TTVI center to close before December 26

PHUKET: The Chalong-based Thai Tsunami Victim Identification (TTVI) center will close some time before the anniversary of the Indian Ocean tsunami on December 26, police say.

Pol Col Khemmarin Hassiri, Superintendent of the TTVI’s Thai disaster victim identification (DVI) unit, said that a written order from the Cabinet to close the center was received by the TTVI following a decision made at the September 6 mobile cabinet meeting Phang Nga.

The exact date that the center will cease operations has not yet been announced.

The TTVI was tasked with identifying 3,777 corpses from the six tsunami-affected provinces. So far 2,363 have been identified: 619 Thais and 1,744 foreigners, Col Khemmarin said.

Profiles for the remaining 1,414 bodies that include DNA and other forensic data have been drawn up, but have yet to match up with information submitted by relatives.

The easier cases of identification, such as those based on matching dental records, have largely been completed and the focus of the work has now largely shifted to DNA and fingerprints, he said.

Col Khemmarin said the TTVI estimates that about 500 of the as yet unidentified corpses are those of Burmese workers.

Last December 26 there were about 64,000 registered Burmese workers in the six provinces hit by the tsunami. Thus far only 30 Burmese have been identified, using computer fingerprint matching done in Australia, he said.

All Burmese legally working in the country are required to leave a set of fingerprints as part of the registration process.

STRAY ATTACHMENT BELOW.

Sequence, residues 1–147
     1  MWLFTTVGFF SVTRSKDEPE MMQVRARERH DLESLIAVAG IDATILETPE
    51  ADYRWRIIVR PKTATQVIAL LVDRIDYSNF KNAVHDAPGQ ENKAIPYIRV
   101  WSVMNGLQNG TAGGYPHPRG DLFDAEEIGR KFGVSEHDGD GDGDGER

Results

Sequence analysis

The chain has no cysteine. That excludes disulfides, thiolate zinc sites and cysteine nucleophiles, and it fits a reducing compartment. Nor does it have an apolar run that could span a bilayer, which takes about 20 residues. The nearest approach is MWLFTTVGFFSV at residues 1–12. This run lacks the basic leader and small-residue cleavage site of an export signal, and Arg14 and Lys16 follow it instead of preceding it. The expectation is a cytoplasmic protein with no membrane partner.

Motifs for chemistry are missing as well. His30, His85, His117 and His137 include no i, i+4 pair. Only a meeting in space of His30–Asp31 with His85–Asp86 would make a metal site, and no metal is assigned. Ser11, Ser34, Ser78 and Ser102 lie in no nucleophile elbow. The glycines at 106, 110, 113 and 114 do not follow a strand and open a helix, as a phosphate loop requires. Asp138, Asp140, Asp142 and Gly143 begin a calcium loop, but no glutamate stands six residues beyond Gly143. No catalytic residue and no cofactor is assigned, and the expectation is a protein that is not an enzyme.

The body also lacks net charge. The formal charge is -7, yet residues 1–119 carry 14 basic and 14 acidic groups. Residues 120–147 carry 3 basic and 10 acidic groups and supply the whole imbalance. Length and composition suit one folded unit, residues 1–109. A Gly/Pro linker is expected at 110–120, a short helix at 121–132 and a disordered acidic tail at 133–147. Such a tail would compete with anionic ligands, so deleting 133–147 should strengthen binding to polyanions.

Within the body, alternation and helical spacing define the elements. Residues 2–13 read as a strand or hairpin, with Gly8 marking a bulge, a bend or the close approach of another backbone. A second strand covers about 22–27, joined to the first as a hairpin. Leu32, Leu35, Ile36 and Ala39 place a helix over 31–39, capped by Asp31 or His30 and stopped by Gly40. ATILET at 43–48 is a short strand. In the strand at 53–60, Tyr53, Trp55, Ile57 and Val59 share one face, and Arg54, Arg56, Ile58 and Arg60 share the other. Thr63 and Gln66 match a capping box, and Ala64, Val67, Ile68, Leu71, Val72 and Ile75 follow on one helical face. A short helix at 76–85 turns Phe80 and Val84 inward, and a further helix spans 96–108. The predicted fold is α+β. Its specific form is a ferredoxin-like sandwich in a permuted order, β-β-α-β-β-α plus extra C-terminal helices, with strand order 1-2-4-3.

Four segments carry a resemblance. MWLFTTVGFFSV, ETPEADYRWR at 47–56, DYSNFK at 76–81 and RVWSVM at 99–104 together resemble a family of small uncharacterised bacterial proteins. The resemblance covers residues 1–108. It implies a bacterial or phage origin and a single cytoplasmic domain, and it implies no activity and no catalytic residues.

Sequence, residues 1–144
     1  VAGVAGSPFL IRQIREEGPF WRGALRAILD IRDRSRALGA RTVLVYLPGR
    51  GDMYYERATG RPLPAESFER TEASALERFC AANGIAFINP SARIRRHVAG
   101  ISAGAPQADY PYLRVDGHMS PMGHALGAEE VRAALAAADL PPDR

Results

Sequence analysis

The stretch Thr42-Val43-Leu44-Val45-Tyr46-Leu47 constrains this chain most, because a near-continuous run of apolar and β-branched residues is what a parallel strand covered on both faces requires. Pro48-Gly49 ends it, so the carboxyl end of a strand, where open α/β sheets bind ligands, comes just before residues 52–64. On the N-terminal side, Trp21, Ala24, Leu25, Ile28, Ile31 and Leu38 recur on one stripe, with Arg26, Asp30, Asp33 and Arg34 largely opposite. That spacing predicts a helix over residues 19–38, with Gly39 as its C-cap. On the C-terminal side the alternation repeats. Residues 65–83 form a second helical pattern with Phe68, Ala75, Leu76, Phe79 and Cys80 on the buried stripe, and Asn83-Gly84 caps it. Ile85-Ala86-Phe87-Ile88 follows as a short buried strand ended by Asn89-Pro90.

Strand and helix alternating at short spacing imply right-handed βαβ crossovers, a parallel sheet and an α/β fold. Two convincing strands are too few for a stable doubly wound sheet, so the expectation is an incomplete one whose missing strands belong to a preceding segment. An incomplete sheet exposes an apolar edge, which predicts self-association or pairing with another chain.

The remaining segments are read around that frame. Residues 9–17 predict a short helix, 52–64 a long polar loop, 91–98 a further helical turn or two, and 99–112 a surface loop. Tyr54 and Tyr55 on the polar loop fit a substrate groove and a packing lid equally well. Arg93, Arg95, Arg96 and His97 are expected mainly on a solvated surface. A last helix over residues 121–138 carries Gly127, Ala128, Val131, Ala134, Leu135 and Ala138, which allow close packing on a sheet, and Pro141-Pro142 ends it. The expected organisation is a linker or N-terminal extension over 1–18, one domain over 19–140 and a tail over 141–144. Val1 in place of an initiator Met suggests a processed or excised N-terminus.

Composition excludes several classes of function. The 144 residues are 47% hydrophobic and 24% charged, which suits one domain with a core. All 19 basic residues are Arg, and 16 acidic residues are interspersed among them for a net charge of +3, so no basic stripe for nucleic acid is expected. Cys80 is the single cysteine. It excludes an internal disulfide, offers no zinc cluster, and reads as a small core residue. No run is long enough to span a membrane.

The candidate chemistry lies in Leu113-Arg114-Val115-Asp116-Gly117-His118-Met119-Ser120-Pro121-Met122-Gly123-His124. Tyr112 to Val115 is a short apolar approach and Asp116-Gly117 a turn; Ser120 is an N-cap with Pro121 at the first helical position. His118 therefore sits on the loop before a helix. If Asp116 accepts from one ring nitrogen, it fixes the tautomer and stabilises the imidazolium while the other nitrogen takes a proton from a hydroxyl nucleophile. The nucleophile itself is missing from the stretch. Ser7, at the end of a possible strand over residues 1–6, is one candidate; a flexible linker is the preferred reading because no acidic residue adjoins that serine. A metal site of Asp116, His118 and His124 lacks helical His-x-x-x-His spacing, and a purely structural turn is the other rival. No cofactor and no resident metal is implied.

“As for the 30 Burmese workers we were able to identify, we notified the Burmese Embassy in Bangkok and are still awaiting a reply,” he said.

Despite fingerprints and information provided to the TTVI by the International Organization for Migration and other agencies, identifying Burmese victims has proved a daunting task.

“Some victims may have been working in Thailand illegally; others who were working legally and survived the disaster may have gone back to Myanmar without declaring themselves,” he said.

Corpses that remain unidentified when the TTVI closes will be turned over to the Justice Ministry’s Central Institute of Forensic Science, which will decide where to keep the bodies when the TTVI morgue in Mai Khao closes.

Col Khemmarin said the identification process has been as stringent as possible in order to prevent the wrong remains being given over to relatives.

He cited the example of a woman from Chiang Mai’s Fang District who came to Phuket and positively identified a set of remains as those of her younger sister. She then returned to Fang and got a death certificate, allowing her to collect the body.

When the woman returned to Phuket, she didn’t have the 50,000 baht necessary to transport the body home and asked for the TTVI to hold on to the corpse while she tried to raise the funds.

A subsequent re-check of fingerprint data later revealed that the body was not that of her sister after all.

“We don’t recheck the information in order to find fault with people or punish those who may have been involved in the misidentification, only to ensure that the work is as clean and complete and possible,” Col Khemmarin said.

“Even though we have no past experience to use as a basis of comparison in evaluating our work, I can say that we worked hard. Foreign DVI teams rotated in and out on a three-week basis, but the Thai staff have been working here non-stop since February 3,” he said.

He said that the TTVI’s database would be available to the Central Institute of Forensic Science to make the handover as smooth as possible.

The two agencies were involved in a bitter dispute in early February when the Police ruled that the TTVI would take over the work of identifying suspected Thai victims in Phang Nga, where the work had previously been led by forensic pathologist Dr Khunying Porntip Rojanasunan.

Phuket News

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